Mindsets and jelly moulds

jelly mouldI was thinking about this word ‘mindset’ and how wonderfully it describes the foundational thoughts in our lives that bed themselves down and set, like concrete. They determine how we see life and are created and re-enforced by the values, the culture, and the experiences in our environment in which we grow up. I think that education is meant to challenge our mindsets and prod at the possibility that the world could be different to how we perceive it.

Changing our mindsets is much more difficult than changing our minds.

It is very comfortable and securing to do the same thing the same way everyday as it takes away the necessity to make a deliberate choice. Doing routine tasks in a new way can be very taxing and stressful. Some people even get upset or put out when someone sits in their usual seat at their favourite coffee shop or in church. Silly things that don’t have any real importance become a stabilising comfort to us. No wonder it is called ‘set in my ways’.

Changing our minds is like putting different flavours of jelly in a mould, but changing our mindset means we need to identify the mould and choose a more beneficial one.

Related to low vision     

It is for this reason that when a person starts losing their vision progressively, it takes a lot of emotional energy to carry on doing what they have always done, but in a new way. It is especially challenging for older folk as they have done the same things in the same way for so long. It is stressful and sometimes frustrating, but if you change your mindset by breaking up that foundation of understanding how life ought to be, the limitations are removed and each difficulty can be seen as a puzzle waiting to be solved. We need to be flexible in our expectations and open to creative solutions for seemingly insignificant tasks. One example is, trying to put toothpaste on a toothbrush….because that’s what we do twice a day (hopefully). For those who don’t know, you have to hold the brush so close to your face and it is difficult to aim the white paste onto the white bristles without flicking some into your eye. Why not just put the toothpaste straight into your mouth.

I was finding social interactions more and more stressful because my ability to see faces had deteriorated quite substantially over the previous four years and I had been bumping into things and ‘losing ‘ things a little more often than in the past. All my life I had tried to not stand out as being abnormal in any way. In hindsight, I was not doing myself or others any favours. I identified my mindset as: ‘fitting in is a way to look competent’, then I chose to change it to ‘who needs impressing? ‘I needed to address my own needs above what I thought others might think. This meant picking up my white symbol cane. It was difficult at first because I knew that people would respond to me according to their mindset towards a disabled person – avoidance because of lack of experience or fear of me being a beggar, pity and condescension or glorifying me as some sort of saint. I decided to go ahead anyway and if people see me out and about with my cane, identifying me as having vision problems, then maybe that can challenge their mindset as to what a vision impaired person is supposed to do…. and I just call it an on-the-go public awareness campaign. I appreciate my family supporting me in this community education.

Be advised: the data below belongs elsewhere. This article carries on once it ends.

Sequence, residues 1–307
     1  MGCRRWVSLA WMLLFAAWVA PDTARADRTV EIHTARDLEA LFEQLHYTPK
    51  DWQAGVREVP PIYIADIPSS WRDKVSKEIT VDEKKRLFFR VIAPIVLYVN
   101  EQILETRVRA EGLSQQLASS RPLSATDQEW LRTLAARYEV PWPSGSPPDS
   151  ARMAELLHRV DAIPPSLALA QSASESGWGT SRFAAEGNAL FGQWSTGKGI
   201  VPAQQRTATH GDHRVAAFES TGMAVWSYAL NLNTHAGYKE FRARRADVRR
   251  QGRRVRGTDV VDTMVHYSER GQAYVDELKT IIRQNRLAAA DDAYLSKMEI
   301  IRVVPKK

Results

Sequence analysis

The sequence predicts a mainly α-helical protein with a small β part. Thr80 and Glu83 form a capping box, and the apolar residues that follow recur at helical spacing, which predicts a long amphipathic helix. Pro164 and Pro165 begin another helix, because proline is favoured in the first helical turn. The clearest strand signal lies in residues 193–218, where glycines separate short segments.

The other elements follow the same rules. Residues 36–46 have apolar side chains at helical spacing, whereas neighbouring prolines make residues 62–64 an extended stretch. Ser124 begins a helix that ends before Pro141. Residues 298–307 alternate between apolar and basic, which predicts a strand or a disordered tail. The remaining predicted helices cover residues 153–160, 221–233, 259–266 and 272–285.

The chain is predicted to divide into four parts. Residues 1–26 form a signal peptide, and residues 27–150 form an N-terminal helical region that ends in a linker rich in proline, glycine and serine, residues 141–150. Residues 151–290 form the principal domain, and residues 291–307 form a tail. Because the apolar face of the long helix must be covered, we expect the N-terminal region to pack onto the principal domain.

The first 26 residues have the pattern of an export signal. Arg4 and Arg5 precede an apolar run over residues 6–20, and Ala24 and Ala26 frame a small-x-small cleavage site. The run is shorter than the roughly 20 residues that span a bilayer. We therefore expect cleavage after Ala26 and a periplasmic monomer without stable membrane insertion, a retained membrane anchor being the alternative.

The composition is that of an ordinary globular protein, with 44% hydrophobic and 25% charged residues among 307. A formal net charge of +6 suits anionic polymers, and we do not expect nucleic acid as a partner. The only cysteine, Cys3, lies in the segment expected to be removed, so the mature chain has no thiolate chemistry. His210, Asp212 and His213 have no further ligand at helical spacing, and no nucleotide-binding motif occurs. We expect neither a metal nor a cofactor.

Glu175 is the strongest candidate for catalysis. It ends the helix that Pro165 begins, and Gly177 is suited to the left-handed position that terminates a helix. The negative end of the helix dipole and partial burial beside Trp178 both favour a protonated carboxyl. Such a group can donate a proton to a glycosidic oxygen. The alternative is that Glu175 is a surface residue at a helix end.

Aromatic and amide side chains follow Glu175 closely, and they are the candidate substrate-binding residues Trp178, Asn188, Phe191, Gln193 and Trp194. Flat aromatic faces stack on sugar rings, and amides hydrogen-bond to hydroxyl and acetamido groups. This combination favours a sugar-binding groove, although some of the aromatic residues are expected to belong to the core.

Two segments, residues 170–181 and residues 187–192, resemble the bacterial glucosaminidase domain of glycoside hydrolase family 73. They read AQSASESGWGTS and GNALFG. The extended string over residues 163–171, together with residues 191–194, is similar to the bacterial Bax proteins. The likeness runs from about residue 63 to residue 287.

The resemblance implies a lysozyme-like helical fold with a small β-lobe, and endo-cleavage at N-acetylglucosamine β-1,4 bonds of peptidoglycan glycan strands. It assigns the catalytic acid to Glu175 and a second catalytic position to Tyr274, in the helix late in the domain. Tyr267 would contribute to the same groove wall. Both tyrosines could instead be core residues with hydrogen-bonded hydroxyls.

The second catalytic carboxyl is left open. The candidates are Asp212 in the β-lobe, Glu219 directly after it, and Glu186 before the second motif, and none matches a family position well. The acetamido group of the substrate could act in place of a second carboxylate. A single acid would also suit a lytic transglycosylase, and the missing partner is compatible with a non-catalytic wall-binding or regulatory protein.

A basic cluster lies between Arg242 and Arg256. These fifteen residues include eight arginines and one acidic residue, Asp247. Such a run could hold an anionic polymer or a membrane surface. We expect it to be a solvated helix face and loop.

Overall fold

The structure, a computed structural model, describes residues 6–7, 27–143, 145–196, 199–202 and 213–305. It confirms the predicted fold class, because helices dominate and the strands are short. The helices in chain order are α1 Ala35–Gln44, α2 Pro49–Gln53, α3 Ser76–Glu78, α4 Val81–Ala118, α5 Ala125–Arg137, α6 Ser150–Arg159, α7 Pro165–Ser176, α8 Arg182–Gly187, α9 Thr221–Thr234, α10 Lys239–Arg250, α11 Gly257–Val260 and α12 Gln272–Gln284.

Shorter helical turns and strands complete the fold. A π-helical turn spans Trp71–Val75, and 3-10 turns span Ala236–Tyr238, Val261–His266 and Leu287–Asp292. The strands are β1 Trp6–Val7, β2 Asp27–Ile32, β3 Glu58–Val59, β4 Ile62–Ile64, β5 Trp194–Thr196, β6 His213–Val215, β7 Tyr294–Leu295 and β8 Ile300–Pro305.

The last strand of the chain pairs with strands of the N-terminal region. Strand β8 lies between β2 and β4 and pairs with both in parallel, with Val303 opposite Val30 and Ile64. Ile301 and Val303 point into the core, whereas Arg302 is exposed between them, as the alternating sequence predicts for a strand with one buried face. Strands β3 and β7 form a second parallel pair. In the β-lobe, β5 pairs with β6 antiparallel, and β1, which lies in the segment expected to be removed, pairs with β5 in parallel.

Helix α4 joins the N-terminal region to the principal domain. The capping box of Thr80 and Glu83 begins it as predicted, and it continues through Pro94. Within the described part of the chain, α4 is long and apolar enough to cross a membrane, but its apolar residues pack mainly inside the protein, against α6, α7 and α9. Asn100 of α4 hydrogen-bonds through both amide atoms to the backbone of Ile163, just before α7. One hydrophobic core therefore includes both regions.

I challenge other low vision sufferers to embrace their needs and set yourself free.

Happy setting

6 thoughts on “Mindsets and jelly moulds

  1. Oscar Dandelion

    Yes, we all need to be open to adapting to different ways / situations. I’ve learnt a lot about that when I lost the ability to walk normally (only able a few steps on a good day). I’m still a young woman but for a long time I was able to walk normally, and without this severe chronic pain. On the other hand I’ve met several seniors who are ashamed at that aged bodies that need, instead, kindness and understanding…and in some cases, aids (wheelchairs, walking sticks etc.). I say we should look at those various aids as blessings, because without them life would be so much harder. All the best to you 🙂

    1. jenniferawebster Post author

      I agree and that is where I think we can be so grateful for the variety of ‘megafters’ that are available theses days. I wouldn’t be able to do this without all the technology I use to see… And I am priveledge to have access to. It sounds like you have to make brave choices in every waking moment. Your story makes me grateful for my body. Well done, keep at it and thanks for your reply.

  2. Ruth Holmes

    Another wonderful piece of writhing Jen, possibly your best. As I grow older I’m amazed at old people like myself that won’t use a walking stick on uneven ground or when they obviously need it. When I went to South America I took my walking stick with me because I have a dicky knee and when on uneven ground or trying to get up or down steps I can easily fall due to a netball injury from schooldays. Because I had the walking stick, the wrinkled face and the white hair (nearly everyone in Sth America has black or dyed black hair), everyone helped or encouraged me because they thought I was about ninety instead of in my early 70’s. Spunky young guides would say “Gee you walk well for your age as they helped me across a creek or up a steep uneven path on our hikes”. This meant I had an injury free & enjoyable trip. I love being helped.

    1. jenniferawebster Post author

      Thanks for the encouragement Ruth. I am so glad you are one of the brave ones… . keeps you mobile and independent. I think we’ll rename you ‘the galloping granny’ and then try and keep up with you:). We both admire your energy and send lots of love.


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